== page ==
Endurance racing certainly could have been an interesting opportunity but I wanted to focus on the IndyCar while I have opportunities there. I’m open to other categories in the future, honestly, but you can’t turn down a full time IndyCar race.
Dale Coyne Racing was very fast for several years at the Indy 500. Was that one of the main team attractions for you?
Oh sure, that’s a very attractive point. Dale cars have been very fast in different specifications and in different conditions. Everyone will remember Sébastien Bourdais’ superb qualifying laps in 2017, even though he unfortunately couldn’t finish the race. And their cars have been quick in race and qualifying ever since, even with chassis changes, aero kits and the addition of aeroscreens… The Dale team just understands how to be fast on the Speedway, whatever the conditions. . It definitely appeals to me – and in fact, as a driver, I’m interested in driving his car and seeing how similar or different it is to the cars I had before. Sure, you’d say this is one of the smaller teams out there, but they’ve shown consistent speed for many years.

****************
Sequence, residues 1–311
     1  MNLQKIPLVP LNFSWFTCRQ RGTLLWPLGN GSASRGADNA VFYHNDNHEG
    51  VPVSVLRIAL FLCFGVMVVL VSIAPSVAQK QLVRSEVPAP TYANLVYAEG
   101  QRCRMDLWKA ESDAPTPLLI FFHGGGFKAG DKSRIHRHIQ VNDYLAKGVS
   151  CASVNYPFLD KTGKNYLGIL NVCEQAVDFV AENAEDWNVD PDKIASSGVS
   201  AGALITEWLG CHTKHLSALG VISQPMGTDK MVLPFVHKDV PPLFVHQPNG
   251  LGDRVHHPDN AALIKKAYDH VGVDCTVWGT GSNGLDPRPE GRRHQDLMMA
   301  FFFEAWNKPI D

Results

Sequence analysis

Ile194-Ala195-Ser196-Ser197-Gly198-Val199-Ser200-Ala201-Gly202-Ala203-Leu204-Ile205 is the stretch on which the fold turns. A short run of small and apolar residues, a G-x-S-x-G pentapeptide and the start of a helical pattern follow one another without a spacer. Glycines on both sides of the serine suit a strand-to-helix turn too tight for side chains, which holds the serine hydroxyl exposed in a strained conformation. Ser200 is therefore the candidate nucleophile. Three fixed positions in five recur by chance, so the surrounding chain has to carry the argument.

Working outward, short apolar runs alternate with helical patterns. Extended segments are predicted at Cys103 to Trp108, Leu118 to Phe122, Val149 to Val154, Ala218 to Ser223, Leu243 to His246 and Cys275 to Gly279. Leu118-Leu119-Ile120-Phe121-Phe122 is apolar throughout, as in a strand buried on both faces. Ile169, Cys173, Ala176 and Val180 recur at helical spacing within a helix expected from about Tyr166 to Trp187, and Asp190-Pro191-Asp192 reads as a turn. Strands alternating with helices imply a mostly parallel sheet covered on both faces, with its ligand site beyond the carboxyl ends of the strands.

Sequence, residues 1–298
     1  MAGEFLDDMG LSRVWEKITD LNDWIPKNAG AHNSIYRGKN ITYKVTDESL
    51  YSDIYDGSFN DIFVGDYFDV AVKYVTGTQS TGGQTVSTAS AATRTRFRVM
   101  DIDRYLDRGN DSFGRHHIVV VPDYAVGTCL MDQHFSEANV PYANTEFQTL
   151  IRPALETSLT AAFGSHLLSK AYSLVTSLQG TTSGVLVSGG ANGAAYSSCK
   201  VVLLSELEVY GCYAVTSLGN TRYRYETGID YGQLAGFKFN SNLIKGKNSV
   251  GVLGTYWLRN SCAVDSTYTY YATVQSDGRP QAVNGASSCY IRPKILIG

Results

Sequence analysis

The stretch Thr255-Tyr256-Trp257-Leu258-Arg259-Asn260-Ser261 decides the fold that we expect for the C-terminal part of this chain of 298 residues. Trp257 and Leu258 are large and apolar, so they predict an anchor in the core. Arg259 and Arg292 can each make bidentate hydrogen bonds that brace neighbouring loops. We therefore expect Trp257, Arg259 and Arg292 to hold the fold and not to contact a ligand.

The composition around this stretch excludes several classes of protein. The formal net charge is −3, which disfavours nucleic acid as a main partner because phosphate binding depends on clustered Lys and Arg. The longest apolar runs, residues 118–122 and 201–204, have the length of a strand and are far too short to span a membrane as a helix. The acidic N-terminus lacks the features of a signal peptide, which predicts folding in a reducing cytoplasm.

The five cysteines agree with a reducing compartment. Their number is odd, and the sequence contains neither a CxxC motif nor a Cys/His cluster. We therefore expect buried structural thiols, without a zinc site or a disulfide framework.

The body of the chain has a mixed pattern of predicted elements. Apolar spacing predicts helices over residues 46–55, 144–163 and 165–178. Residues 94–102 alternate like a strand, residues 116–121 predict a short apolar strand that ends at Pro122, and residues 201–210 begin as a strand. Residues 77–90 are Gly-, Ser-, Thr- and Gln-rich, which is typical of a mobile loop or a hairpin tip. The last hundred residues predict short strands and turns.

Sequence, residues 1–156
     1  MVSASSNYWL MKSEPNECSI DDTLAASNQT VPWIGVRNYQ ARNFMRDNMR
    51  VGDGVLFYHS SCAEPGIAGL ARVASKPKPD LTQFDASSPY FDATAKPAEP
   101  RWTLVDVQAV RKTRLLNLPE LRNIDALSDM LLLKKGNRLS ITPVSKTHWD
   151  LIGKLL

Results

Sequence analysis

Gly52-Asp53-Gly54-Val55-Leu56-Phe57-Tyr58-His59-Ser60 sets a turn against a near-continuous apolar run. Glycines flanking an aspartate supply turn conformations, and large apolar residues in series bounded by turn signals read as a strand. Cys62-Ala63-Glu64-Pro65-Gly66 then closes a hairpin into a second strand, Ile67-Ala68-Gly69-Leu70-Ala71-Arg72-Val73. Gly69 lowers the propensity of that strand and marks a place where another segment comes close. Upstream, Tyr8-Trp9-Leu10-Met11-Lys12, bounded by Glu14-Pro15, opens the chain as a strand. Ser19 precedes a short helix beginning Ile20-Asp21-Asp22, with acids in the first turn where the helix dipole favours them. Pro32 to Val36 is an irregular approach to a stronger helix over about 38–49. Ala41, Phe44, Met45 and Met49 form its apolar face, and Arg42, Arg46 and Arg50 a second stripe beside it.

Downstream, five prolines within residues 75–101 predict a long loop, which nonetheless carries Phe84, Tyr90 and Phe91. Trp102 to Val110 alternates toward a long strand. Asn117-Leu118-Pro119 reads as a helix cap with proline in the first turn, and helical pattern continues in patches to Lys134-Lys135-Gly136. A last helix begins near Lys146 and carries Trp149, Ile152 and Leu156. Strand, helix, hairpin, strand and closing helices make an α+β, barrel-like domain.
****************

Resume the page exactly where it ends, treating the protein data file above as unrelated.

Romain Grosjean – and before that, Alex Palou and Sébastien Bourdais – scored podiums for Coyne on road and urban courses. Is the chance to shine on these circuits also an attractive factor for you after some struggles there at RLL over the past two seasons?
I would say I think we found some pretty good speed on Rahal Letterman Lanigan’s road courses at the end of this year. But I know what you mean; Grosjean’s pace last season was very impressive – although I would also say Romain is one of the best drivers in this series. But even the best driver can’t shine without a good car so I think being fast, even though he was a rookie, is a really good sign for me next year. The team must do a very good job.
I realize David Malukas has yet to be confirmed as a teammate, but as a general rule what do you think about working with a rookie – however talented he is – given that your previous two trips have seen you share data with veteran teammates like Graham Rahal and Ryan Hunter-Reay? Will a rookie’s lack of experience affect your progress or that of the team?